Within Nepal, child labour is found mainly in the agriculture, manufacturing, service, and sex industries. Many children are trafficked to Kathmandu, where they work in manufacturing, sweatshops, hotels, or as domestic workers and child prostitutes. Here again exact figures are lacking, but we can get a sense of the scope by looking at estimates of child prostitutes - which range from 3,000 to 40,000 children. A recent ESCAP study found that most of Nepal's child prostitutes were forced or deceived into entering the sex industry. Of course, children are trafficked within Nepal for reasons other than prostitution, though data on such cases are lacking. What we do know is that approximately 5,000 children in Nepal are living apart from their families and that the cause for this separation is generally due to trafficking for labour purposes or voluntary labour migration. While some of these children are prostitutes who would be included in the estimates above, others are trafficked into forced labour including domestic servitude.

Cross- border trafficking also victimizes children ITom Nepal. Girls are sent to India -­generally for prostitution -- while boys are sent to work on construction sites, brick kilns, tea plantations, and in manufacturing. To get a sense of the total magnitude of the problem, consider estimates of child sex workers in India. One report suggests that about 200,000 Nepali prostitutes work in Indian cities - 20 per cent or 40,000 of whom are under the age of 16. While some of these children may have entered the sex industry willingly, to be sure a significant portion was trafficked into the trade under false promises of gainful employment. Maiti Nepal (a local non-governmental organization (NGO)) estimated that between 5,000 and 7,000 girls are trafficked ITom Nepal into prostitution in India annually.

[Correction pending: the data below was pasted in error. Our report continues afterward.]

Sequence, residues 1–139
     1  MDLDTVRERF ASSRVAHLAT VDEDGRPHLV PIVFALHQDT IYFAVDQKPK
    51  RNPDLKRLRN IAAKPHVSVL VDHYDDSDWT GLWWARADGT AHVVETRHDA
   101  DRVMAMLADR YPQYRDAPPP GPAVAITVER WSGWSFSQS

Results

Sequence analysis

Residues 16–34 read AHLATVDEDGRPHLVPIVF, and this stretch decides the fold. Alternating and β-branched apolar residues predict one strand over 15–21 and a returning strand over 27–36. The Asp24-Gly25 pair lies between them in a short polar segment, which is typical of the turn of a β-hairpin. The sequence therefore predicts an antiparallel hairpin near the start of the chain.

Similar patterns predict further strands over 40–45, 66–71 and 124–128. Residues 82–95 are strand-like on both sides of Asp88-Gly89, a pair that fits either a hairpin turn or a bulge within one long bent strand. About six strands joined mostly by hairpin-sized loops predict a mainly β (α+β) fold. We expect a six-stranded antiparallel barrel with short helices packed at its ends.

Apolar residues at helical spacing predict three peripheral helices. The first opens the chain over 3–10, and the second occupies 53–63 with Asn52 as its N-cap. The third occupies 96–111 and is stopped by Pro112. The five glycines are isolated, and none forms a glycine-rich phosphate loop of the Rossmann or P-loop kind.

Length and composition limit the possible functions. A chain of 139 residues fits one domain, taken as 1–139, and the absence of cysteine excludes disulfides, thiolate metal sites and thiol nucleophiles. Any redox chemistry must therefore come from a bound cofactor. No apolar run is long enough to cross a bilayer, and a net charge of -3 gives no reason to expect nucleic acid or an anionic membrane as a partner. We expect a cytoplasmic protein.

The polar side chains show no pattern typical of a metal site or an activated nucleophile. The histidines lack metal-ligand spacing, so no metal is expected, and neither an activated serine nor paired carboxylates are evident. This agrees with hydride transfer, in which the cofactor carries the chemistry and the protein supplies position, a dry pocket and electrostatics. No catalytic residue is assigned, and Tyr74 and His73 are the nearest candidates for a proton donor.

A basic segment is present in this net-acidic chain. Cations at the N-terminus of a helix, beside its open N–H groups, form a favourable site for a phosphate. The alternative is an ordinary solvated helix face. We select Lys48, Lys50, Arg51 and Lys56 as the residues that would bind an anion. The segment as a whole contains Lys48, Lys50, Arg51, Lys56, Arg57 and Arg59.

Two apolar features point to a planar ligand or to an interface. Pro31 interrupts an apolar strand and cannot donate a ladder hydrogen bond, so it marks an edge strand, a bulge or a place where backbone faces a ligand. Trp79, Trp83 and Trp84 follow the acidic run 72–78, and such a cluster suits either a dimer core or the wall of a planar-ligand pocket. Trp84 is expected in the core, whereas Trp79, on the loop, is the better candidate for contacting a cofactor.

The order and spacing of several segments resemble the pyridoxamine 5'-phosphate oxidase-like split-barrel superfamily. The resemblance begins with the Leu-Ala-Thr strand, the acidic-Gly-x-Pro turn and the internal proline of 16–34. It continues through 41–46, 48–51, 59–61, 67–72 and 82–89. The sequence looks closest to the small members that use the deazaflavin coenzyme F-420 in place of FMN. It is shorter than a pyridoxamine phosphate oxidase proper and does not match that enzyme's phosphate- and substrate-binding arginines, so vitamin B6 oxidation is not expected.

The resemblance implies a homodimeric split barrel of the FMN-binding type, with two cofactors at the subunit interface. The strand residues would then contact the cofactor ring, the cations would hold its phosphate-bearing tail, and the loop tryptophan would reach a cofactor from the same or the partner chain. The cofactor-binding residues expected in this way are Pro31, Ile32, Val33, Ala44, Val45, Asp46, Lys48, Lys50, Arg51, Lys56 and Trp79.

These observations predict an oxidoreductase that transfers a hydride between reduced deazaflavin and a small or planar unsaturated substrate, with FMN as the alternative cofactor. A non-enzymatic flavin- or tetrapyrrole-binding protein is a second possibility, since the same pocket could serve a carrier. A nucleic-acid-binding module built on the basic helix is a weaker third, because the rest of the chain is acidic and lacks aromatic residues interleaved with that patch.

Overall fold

Source: Trafficking in Children in Asia A regional overview 2000, ILO-IPEC


Trafficking of children refers to recruitment, transportation, transfer, harbouring or receipt of children for the purpose of exploitation, their relocation within the same country or across borders for forced labour.  Forced labour includes use of children for carpet weaving, domestic work, work in stone quarries, agriculture and various industries, prostitution, pornography, organ removal or use as child soldiers and other illicit activities like beggary and drug trade. Child trafficking is one of the worst forms of child labour. The practice of slave trade, as we all know, existed hundreds of years back and was officially abolished worldwide at 1927 Slavery Convention, but the centuries-old tradition of slavery carries on even in the 21st century as bonded or forced labour with more than 12.3 million forced labour victims worldwide out of which 2.4 are victims of trafficking, according to ILO’s Global Alliance Against Forced Labour Report. In 2003 ILO estimated that of the 8.4 million children engaged in the ‘unconditional worst forms of child labour’, 5.7 million children are engaged in forced or bonded labour and 1.2 million are trafficked. 

The number and extent of child trafficking has been on the increase over the last few decades with a deliberate attempt to profit by the most vulnerable children and women. Therefore trafficking is carried out with the intention to exploit the trafficked people and is not similar to people smuggling as it involves aiding people to illegally cross borders and does not involve the intention to exploit them. 

Conservative estimates say that there are 700,000 people trafficked each year.  However, some figures suggest that the number could be as high as 1 million or even 4 million, taking into account the people who are victims of human cargo.  Children account for a large number of these trafficked victims. 800,000 persons are trafficked across international borders each year and 50 percent of all victims are children, according to US State Department.